Why is acne so common even among adults?

Acne is the most common skin concern, affecting over 80% of us at some stage of our lives either during adolescents or into adulthood.

Acne is fundamentally controlled by hormones which is why we often see it develop during our teenage years or at the behest of a female’s menstrual cycle but there are other factors that influence it as well such as genetics, lifestyle factors such as diet and use of inappropriate skincare and makeup, which is so common that it has its own name “acne cosmetica.”

An acne cosmetica breakout on a 30 year old woman

This video explains how acne actually forms in under 2 minutes!

The do’s & dont’s of treating your acne:

Attack acne in a couple of ways:

  1. Don’t actually attack it. This means leaving it alone, no picking or squeezing. Ignoring this advice often delays resolution and increases the chance of scarring.
  2. Spot treatments are the equivalent of closing the gate after the horse has bolted. Once a lesion has appeared, it will then need to heal and there is no way to speed this up. Prevention is better than cure and in this case keeping your pores clear through the use of active ingredients such as salicylic acid (BHAs) are a better option.
  3. Let us do the hard work and always Script It, before you buy it. Effective products for acne prone skin need both the right active ingredients AND the right base. The list of comedogenic ingredients (acne causing ingredients) that needs to be avoided is long, and can often be hiding far down the ingredient list, where even in small amounts they can prove problematic.  So our Script Tip is save yourself some research and let us geek out for you.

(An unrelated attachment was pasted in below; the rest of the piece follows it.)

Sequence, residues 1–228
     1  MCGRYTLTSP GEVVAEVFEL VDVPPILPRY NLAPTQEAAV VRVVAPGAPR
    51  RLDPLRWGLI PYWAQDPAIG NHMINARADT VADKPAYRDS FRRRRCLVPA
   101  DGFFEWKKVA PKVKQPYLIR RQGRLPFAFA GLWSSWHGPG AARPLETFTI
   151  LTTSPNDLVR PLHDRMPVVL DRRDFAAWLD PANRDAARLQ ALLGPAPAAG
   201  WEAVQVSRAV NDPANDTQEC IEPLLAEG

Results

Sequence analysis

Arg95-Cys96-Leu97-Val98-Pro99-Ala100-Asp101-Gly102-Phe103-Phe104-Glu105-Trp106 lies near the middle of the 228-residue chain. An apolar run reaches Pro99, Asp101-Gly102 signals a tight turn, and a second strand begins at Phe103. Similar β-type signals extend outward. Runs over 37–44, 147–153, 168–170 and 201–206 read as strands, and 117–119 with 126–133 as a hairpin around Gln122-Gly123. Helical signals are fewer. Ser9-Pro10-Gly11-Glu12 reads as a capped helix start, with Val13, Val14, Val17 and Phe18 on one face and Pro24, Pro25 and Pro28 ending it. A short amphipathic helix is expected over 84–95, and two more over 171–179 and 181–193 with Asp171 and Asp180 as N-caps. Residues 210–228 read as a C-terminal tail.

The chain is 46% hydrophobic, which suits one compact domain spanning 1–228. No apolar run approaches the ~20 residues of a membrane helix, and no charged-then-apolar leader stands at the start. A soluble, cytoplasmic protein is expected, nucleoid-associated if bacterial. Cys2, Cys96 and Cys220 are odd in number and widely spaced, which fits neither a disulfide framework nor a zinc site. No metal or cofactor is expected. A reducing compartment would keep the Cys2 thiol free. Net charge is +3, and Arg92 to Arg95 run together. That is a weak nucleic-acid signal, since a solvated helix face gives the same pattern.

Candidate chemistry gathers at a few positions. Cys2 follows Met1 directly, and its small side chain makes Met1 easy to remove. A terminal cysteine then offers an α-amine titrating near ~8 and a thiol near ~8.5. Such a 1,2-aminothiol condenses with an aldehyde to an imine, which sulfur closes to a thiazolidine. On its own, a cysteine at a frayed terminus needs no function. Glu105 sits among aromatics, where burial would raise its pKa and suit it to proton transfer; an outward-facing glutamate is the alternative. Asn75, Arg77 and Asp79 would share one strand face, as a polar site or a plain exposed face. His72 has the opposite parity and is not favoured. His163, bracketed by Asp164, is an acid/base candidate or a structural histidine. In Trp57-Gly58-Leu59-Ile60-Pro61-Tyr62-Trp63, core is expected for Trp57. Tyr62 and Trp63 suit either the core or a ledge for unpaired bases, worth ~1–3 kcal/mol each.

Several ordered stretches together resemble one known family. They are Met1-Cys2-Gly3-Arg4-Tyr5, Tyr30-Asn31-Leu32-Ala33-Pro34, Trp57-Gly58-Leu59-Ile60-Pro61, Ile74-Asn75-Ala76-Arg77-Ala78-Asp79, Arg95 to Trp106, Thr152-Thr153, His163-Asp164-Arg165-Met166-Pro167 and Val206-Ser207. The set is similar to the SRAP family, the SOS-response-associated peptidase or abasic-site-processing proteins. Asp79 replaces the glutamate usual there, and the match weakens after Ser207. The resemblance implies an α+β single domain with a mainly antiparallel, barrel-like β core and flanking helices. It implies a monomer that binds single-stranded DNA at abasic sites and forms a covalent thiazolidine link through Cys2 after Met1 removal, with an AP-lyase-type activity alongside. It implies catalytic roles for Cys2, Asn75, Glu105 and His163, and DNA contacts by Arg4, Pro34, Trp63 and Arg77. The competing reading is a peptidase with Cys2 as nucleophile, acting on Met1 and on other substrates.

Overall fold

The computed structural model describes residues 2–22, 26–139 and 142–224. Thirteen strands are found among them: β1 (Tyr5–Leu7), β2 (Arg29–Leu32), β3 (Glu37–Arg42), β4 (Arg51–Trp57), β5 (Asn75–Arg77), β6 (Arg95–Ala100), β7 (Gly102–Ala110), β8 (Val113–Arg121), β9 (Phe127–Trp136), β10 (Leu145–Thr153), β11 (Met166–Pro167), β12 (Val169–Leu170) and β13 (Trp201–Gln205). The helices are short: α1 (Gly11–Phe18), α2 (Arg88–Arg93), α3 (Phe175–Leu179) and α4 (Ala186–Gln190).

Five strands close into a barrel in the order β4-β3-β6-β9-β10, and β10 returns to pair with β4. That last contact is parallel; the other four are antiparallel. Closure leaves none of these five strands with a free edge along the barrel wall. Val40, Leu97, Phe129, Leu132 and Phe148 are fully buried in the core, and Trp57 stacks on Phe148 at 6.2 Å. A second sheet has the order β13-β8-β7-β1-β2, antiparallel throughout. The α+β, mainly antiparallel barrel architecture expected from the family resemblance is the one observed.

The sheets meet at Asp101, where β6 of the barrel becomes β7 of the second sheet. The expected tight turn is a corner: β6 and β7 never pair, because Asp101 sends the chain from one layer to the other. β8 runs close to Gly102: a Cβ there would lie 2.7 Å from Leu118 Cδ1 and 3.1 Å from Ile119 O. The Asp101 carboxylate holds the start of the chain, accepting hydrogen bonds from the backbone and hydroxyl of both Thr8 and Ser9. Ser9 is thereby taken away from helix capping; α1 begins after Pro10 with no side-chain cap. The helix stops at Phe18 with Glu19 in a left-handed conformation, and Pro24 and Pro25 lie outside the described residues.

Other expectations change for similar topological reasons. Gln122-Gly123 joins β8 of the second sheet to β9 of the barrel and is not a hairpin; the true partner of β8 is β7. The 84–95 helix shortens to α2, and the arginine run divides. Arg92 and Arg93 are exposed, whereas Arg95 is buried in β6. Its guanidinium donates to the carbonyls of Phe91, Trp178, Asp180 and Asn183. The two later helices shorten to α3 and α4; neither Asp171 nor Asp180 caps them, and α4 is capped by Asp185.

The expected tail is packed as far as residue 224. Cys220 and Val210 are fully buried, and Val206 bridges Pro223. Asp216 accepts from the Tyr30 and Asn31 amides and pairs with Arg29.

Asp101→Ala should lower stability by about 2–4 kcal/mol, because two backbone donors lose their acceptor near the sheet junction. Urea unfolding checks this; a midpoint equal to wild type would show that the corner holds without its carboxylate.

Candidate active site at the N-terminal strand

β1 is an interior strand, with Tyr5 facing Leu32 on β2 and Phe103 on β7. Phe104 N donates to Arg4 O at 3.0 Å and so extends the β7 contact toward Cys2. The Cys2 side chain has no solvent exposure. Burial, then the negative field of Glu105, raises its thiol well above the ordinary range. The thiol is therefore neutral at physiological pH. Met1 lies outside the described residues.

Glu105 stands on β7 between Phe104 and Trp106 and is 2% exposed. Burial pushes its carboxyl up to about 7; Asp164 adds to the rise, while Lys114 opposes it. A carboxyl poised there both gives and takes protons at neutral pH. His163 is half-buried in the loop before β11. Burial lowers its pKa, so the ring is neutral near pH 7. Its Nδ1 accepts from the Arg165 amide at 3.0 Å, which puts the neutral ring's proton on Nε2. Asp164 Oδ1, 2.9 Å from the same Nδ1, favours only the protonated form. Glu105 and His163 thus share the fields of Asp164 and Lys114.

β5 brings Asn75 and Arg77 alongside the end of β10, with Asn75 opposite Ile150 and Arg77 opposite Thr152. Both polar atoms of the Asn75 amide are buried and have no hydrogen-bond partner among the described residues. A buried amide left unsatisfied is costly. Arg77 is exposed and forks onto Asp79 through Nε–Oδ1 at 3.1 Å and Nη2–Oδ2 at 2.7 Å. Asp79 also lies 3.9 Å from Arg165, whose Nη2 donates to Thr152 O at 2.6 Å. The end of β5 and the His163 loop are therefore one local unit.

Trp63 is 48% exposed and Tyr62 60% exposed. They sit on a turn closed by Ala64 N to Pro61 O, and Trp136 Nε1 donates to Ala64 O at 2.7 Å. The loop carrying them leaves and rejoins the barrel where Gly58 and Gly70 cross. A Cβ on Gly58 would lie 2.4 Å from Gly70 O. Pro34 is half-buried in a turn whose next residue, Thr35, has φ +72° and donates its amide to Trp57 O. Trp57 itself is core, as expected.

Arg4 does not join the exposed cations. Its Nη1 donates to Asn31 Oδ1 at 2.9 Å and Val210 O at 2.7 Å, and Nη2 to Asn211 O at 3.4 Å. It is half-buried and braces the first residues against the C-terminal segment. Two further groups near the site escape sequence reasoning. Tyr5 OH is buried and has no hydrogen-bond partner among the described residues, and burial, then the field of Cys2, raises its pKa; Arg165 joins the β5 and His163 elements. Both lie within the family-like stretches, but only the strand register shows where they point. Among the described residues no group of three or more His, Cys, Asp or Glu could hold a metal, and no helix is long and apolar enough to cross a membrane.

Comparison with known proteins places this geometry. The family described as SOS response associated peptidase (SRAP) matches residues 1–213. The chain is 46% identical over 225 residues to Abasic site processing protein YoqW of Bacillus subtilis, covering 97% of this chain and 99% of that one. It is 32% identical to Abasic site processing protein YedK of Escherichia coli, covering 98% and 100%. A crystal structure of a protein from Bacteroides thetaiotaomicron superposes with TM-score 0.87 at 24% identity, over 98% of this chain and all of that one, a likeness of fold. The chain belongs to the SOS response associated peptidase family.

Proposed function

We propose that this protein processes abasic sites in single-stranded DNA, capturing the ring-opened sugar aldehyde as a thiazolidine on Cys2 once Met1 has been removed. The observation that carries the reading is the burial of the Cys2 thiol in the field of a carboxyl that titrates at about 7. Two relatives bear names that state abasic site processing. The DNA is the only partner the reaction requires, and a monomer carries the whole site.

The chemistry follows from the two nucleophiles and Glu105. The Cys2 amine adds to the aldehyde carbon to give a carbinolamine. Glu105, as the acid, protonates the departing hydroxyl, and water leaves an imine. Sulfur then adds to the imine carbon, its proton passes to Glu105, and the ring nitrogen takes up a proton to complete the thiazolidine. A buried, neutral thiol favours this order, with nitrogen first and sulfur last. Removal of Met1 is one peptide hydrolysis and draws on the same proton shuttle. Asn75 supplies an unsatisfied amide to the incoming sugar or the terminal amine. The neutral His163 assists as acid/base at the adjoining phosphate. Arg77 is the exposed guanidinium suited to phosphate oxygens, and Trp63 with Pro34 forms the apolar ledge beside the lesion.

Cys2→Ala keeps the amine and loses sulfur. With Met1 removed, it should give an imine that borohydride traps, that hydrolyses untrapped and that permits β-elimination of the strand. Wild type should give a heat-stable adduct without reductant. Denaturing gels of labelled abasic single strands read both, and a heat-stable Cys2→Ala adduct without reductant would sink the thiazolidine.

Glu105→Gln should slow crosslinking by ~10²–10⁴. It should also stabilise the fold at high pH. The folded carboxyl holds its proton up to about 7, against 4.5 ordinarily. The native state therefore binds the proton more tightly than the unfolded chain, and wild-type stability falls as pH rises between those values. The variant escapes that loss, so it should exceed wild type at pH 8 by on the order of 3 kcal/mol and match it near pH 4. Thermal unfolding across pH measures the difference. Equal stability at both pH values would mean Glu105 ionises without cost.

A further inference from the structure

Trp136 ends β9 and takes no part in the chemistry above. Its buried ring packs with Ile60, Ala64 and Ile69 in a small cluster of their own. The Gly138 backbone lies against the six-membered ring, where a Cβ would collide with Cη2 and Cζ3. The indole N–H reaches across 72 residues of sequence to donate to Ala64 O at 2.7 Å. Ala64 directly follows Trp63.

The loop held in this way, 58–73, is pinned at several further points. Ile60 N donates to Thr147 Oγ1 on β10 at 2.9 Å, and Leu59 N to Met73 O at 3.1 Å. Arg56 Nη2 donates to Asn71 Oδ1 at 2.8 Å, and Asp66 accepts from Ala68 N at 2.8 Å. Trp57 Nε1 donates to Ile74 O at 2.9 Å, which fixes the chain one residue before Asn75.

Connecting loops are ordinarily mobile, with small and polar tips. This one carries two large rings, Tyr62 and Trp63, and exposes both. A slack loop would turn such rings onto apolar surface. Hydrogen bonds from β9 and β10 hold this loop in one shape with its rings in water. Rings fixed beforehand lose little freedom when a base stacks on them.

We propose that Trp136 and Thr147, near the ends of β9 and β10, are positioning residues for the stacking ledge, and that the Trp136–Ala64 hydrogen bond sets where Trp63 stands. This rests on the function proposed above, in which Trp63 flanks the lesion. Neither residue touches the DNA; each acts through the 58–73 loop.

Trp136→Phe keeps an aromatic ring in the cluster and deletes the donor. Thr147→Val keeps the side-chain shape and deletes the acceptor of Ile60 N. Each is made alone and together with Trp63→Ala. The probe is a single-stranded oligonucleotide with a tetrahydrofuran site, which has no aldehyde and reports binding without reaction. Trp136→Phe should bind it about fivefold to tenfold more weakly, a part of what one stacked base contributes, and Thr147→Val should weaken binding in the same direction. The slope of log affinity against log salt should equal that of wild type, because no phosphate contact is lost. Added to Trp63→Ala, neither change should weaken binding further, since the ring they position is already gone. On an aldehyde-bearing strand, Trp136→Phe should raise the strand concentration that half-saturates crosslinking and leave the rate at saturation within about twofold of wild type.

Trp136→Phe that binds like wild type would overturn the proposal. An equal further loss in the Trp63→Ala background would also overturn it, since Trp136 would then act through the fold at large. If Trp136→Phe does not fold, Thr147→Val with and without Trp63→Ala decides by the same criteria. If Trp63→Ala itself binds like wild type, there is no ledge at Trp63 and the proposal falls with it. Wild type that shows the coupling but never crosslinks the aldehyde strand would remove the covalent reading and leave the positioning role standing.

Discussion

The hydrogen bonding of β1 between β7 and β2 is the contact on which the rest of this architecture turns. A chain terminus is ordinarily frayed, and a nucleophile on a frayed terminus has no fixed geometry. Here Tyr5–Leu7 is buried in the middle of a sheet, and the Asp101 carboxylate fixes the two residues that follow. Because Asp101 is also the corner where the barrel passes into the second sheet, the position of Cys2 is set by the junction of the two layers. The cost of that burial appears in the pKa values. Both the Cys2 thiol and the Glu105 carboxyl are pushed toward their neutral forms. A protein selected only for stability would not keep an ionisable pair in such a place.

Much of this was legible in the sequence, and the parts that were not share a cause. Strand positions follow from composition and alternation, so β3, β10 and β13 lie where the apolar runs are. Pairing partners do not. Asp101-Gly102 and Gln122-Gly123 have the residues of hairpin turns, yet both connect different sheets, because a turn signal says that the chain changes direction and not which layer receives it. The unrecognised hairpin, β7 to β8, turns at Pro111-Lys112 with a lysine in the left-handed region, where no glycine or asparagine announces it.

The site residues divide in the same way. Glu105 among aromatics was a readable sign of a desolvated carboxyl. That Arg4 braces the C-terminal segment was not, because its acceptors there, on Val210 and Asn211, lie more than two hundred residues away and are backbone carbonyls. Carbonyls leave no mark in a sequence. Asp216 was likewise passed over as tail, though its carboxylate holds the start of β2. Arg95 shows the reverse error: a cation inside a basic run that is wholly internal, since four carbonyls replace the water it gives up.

The bacteria in acne releases porphyrines which is what is being measured here on the VISIA® Complexion Analysis System at the South Yarra Script Skincare store

How to help clear your acne.

What are the best skincare ingredients to look for in order to reduce your acne breakouts?

Alpha Hydroxy Acid (AHAs)

Benzoyl Peroxide

Beta Hydroxy Acid (BHAs or Salicylic Acid)


Green Tea


Tea Tree

Vitamin A (Retinol)

Vitamin B3 (Niacinamide)


What are the best skin boosting treatments to reduce your acne breakouts?

Healite II LED

Hydrafacial Treatment


Qswitched YAG Laser Treatment – IRIS

Skin Peels

Spectra XT Gold Toning


About the author

Our founder, dermatologist Assoc Professor Greg Goodman is Chief of Surgery at the Skin and Cancer Foundation (now Skin Health Institute) and Adjunct Associate Professor with Monash University. He is a go-to dermatology industry-insider for Vogue, Elle and Cleo — amongst others, and consults on pores, skin pigmentation, ageing and acne. Greg has over 30 years of experience both academically and professionally. He harnessed this knowledge and experience to create Script and take the confusion out of choosing skincare products. To learn more about Greg click here.

Which products suit your skin?

Save yourself some research and let us geek out for you by taking our skin profile test which will tell you which products suit your skin.

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